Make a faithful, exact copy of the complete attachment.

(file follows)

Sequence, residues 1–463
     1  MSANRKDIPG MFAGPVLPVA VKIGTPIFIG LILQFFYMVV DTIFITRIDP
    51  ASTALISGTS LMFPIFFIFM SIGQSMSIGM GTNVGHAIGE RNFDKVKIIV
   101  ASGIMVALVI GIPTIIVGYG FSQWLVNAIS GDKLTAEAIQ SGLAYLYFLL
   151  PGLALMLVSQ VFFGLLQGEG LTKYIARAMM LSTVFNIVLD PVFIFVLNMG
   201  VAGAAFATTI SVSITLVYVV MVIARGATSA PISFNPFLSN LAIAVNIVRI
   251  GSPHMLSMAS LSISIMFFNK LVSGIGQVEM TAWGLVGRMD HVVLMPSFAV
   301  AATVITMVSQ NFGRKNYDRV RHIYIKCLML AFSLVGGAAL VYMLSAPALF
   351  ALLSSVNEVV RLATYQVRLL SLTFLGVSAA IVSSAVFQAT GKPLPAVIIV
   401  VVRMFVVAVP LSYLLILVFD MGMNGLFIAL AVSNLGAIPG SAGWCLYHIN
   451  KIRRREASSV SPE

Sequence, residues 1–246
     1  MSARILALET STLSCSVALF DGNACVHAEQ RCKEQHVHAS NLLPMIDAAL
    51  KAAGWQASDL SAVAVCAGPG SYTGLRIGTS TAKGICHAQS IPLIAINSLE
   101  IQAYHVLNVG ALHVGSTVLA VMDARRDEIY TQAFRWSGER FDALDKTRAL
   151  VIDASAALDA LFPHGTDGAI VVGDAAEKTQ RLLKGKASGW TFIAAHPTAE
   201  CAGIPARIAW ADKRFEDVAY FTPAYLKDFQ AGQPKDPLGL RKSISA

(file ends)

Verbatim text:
Sequence, residues 1–463
     1  MSANRKDIPG MFAGPVLPVA VKIGTPIFIG LILQFFYMVV DTIFITRIDP
    51  ASTALISGTS LMFPIFFIFM SIGQSMSIGM GTNVGHAIGE RNFDKVKIIV
   101  ASGIMVALVI GIPTIIVGYG FSQWLVNAIS GDKLTAEAIQ SGLAYLYFLL
   151  PGLALMLVSQ VFFGLLQGEG LTKYIARAMM LSTVFNIVLD PVFIFVLNMG
   201  VAGAAFATTI SVSITLVYVV MVIARGATSA PISFNPFLSN LAIAVNIVRI
   251  GSPHMLSMAS LSISIMFFNK LVSGIGQVEM TAWGLVGRMD HVVLMPSFAV
   301  AATVITMVSQ NFGRKNYDRV RHIYIKCLML AFSLVGGAAL VYMLSAPALF
   351  ALLSSVNEVV RLATYQVRLL SLTFLGVSAA IVSSAVFQAT GKPLPAVIIV
   401  VVRMFVVAVP LSYLLILVFD MGMNGLFIAL AVSNLGAIPG SAGWCLYHIN
   451  KIRRREASSV SPE

Sequence, residues 1–246
     1  MSARILALET STLSCSVALF DGNACVHAEQ RCKEQHVHAS NLLPMIDAAL
    51  KAAGWQASDL SAVAVCAGPG SYTGLRIGTS TAKGICHAQS IPLIAINSLE
   101  IQAYHVLNVG ALHVGSTVLA VMDARRDEIY TQAFRWSGER FDALDKTRAL
   151  VIDASAALDA LFPHGTDGAI VVGDAAEKTQ RLLKGKASGW TFIAAHPTAE
   201  CAGIPARIAW ADKRFEDVAY FTPAYLKDFQ AGQPKDPLGL RKSISA